this article orginaly appeared in Townhall Magazine
I refer specifically to the largely hollow discussion over the removal of the Confederate battle flag from the grounds of the state capitol in Columbia, South Carolina. While removing the flag might make some guilty whites feel a bit better about themselves, provide another scalp for those who earn their living in the racial grievance industry, and remove a legitimate reminder of hate for some, it won’t actually help one single black family.
The removal of the Confederate flag is not going to raise the average net worth of a black American family. It won’t release a single African-American youth from a prison system in which he’s jailed because of racial sentencing disparities. It does nothing to address the fact that a black kid who escapes Detroit for California can’t get in-state tuition but an illegal alien can. Hauling down the flag will not raise the high school graduation rates for blacks or deal with the decline of historically black colleges and universities. Zero African-American families cry, “I am poor and the flag made me that way!”
When will African-Americans stop accepting form over substance? When will they start demanding reform of economic policies that hurt black families or a legal structure that unjustly and disproportionately targets African-Americans?
At every turn, I see us accepting form over substance. President Barack Obama said the N- word in a comic’s podcast but what was the point? Where was the substance behind it? There was none. It was as pointless as his much-heralded Beer Summit following a police dust-up involving Harvard professor Henry Louis Gates, Jr. in 2009. Obama has the power to take substantive action; he could commute the inordinately harsh sentences of individuals imprisoned under Bill Clinton’s unjust omnibus crime bill, for example.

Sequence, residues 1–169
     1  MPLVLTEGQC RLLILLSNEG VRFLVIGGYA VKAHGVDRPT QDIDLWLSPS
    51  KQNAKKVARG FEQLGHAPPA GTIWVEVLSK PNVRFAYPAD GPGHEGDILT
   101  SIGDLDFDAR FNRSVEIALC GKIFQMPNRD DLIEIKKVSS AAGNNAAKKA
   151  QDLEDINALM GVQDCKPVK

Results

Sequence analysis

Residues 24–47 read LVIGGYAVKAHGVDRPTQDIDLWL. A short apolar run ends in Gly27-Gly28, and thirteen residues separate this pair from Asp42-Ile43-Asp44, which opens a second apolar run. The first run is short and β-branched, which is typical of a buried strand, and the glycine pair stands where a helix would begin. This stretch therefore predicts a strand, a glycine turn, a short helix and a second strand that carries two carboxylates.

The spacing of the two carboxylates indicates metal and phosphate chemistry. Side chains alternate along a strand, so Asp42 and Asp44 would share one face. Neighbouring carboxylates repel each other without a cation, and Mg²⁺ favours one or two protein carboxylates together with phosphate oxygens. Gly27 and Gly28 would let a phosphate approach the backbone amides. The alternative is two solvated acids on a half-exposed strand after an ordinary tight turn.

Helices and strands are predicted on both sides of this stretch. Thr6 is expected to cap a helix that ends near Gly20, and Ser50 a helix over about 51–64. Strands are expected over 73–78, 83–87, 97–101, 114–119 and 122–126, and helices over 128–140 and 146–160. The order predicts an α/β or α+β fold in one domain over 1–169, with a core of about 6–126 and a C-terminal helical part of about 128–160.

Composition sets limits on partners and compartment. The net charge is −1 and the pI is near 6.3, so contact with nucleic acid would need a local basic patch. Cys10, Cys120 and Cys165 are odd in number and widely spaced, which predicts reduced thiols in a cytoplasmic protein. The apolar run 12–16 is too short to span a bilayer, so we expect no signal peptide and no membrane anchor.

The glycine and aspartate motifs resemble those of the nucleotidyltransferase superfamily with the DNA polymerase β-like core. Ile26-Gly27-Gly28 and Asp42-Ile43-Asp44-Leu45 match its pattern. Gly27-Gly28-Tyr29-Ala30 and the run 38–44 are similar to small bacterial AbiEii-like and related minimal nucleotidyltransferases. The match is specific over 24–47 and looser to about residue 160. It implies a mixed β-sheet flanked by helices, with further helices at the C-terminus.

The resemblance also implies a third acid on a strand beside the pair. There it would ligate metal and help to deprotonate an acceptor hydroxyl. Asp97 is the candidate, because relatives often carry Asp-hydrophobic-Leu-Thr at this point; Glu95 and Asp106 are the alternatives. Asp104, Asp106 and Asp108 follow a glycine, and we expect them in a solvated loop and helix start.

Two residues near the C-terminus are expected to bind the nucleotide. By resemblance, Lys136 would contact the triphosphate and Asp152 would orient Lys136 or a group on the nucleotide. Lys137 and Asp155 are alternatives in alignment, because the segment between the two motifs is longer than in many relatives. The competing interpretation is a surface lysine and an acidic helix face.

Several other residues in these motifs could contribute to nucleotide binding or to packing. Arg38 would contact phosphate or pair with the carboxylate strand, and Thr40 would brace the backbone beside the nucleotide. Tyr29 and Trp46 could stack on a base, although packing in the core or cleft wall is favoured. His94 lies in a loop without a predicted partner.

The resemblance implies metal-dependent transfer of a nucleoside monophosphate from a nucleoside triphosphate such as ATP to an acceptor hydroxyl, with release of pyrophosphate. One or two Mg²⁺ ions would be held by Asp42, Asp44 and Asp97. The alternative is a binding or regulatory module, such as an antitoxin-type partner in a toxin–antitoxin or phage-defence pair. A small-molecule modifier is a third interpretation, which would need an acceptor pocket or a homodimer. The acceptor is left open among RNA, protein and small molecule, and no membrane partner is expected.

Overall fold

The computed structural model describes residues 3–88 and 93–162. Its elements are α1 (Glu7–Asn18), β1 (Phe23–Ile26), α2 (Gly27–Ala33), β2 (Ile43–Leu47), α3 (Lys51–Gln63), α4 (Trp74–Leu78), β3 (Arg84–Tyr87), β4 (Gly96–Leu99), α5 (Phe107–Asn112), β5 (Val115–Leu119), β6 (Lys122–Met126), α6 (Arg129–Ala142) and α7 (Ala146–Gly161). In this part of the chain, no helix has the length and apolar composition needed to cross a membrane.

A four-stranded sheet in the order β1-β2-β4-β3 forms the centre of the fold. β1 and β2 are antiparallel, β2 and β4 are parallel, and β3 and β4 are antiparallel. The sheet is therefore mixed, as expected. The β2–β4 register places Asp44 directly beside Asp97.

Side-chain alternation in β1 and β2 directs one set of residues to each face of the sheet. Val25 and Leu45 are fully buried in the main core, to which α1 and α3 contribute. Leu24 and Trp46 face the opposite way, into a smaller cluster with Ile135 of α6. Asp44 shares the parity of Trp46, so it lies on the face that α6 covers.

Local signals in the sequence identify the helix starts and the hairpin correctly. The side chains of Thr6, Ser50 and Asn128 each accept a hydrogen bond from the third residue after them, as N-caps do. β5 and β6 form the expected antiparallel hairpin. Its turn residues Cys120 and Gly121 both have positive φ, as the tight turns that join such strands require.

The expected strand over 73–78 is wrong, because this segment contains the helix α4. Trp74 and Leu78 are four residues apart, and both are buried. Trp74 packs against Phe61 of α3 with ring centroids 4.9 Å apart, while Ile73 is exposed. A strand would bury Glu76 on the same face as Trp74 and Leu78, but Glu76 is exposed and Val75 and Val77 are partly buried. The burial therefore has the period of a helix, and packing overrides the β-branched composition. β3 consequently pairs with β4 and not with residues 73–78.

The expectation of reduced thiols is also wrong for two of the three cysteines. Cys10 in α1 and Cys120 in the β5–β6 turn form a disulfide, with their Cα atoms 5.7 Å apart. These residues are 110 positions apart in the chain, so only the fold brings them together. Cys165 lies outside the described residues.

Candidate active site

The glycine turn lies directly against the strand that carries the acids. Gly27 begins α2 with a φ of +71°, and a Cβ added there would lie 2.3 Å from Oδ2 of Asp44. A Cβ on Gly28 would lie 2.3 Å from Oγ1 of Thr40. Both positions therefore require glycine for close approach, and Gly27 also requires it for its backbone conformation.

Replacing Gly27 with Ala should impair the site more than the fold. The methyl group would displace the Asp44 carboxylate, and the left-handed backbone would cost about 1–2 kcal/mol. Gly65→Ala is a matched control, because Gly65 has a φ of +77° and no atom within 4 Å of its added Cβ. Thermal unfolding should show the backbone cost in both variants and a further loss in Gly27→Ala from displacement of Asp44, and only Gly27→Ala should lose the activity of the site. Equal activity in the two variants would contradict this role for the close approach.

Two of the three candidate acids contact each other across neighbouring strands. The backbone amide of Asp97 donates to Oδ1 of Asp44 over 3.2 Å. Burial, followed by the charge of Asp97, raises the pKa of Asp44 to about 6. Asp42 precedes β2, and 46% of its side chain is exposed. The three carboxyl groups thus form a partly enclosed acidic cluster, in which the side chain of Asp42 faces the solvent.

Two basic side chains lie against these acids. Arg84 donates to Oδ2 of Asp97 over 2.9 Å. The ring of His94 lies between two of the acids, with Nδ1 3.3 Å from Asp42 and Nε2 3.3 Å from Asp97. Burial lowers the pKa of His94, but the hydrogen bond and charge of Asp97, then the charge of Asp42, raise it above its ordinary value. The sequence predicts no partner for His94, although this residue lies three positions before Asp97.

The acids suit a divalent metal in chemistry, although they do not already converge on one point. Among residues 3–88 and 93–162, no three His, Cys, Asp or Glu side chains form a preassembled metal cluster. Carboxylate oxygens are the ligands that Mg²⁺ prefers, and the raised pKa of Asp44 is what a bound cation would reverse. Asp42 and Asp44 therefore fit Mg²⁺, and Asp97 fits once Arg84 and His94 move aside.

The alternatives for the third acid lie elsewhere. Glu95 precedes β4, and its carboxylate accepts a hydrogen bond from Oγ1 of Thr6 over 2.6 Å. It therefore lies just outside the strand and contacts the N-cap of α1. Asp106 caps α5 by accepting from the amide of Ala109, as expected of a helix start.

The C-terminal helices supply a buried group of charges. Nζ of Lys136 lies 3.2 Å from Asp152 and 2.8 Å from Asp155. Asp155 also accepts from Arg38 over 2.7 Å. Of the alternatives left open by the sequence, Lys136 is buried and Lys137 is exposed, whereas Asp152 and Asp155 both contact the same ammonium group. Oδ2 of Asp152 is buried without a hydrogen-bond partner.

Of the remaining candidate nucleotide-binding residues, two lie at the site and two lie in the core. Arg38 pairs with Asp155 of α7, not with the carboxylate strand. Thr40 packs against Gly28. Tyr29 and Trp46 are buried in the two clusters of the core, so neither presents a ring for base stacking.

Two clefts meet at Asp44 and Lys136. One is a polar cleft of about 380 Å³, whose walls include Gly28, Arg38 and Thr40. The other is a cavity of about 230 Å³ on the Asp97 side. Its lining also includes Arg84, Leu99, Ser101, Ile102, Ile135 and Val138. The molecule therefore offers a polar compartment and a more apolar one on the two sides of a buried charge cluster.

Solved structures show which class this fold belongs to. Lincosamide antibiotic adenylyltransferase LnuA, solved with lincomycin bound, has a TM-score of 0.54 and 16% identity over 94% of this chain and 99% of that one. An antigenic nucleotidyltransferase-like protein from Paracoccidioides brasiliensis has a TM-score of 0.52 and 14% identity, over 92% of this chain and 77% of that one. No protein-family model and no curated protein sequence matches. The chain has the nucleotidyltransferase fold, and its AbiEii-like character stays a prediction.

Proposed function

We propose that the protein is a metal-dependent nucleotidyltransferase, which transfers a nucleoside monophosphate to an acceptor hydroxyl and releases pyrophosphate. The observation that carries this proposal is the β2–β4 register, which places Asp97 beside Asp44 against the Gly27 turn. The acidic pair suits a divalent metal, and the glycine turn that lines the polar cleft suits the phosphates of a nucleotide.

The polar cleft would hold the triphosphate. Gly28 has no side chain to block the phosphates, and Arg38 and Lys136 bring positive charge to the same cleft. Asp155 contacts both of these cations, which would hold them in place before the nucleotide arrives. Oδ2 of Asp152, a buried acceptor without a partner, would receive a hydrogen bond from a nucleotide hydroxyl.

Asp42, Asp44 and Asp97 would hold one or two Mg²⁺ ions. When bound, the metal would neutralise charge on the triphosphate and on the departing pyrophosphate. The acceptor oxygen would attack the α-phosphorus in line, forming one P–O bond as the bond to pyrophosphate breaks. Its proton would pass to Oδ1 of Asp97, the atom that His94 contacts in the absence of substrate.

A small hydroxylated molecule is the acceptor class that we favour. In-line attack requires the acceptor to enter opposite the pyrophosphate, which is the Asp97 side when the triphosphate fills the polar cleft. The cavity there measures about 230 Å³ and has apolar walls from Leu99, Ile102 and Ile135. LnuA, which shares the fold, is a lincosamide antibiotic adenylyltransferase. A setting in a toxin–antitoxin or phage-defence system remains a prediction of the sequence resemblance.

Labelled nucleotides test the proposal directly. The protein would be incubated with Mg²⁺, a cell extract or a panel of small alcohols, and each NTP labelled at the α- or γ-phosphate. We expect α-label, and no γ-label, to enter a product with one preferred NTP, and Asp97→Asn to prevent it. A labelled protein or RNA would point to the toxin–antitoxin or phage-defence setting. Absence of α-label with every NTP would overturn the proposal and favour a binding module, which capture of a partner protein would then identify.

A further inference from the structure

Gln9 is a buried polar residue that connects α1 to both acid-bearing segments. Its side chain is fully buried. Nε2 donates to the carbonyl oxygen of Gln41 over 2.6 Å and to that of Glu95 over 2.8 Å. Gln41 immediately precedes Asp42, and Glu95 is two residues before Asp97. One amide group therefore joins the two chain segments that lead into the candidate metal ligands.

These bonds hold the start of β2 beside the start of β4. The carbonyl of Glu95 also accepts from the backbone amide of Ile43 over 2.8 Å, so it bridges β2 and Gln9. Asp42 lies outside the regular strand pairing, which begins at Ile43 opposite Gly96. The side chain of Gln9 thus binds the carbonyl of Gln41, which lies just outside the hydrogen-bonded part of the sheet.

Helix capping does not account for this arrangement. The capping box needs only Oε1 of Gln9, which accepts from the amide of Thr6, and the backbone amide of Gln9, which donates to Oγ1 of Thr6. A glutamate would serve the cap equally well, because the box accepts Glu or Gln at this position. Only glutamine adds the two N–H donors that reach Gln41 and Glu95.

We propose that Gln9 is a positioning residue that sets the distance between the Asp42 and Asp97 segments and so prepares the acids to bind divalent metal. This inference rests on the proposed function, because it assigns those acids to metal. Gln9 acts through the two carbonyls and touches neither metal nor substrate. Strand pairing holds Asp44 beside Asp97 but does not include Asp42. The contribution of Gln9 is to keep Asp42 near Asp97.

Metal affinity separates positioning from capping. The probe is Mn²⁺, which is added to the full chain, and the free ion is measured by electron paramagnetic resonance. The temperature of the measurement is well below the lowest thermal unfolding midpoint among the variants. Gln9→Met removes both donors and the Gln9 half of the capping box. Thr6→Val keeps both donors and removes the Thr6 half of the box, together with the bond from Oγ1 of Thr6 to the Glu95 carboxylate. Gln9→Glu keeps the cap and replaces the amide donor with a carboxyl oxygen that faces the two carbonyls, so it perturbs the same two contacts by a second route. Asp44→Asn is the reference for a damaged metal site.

Even the President’s My Brother’s Keeper program looks like a flop. What started out as an opportunity to do something constructive for young black men and boys has fizzled into an essentially dormant website (at least it works!) on which the latest “News” item is dated July 22, 2014. It has all the appearance of a vacant lot on the Internet, overgrown with weeds, a small testament to form without substance, a digital Cabrini Green.
Blacks who want improvement in their lives and communities must start insisting on substantive change with tangible benefits. Let’s start with the Constitution itself; African-Americans should demand their leaders stop eroding their Second Amendment rights. Sorry gun deniers, but it is possible that the deaths of Cynthia, DePayne, Ethel, Clementa, Tywanza, Susie, Daniel, Sharon and Myra at the Emanuel African Methodist Episcopal in Charleston could have been avoided if, like Jeanne Assam was at the New Life Church in Colorado Springs in 2007, someone had been packing. Even T.D. Jakes, among the best known, Holy Ghost-filled, miracle believing, black Pentecostal Pastor and his 40,000-plus congregants employ “a team of armed, unarmed, uniformed and plainclothes guards.”
Originally published on September 17, 2016 by SpeakerMatch Speakers Bureau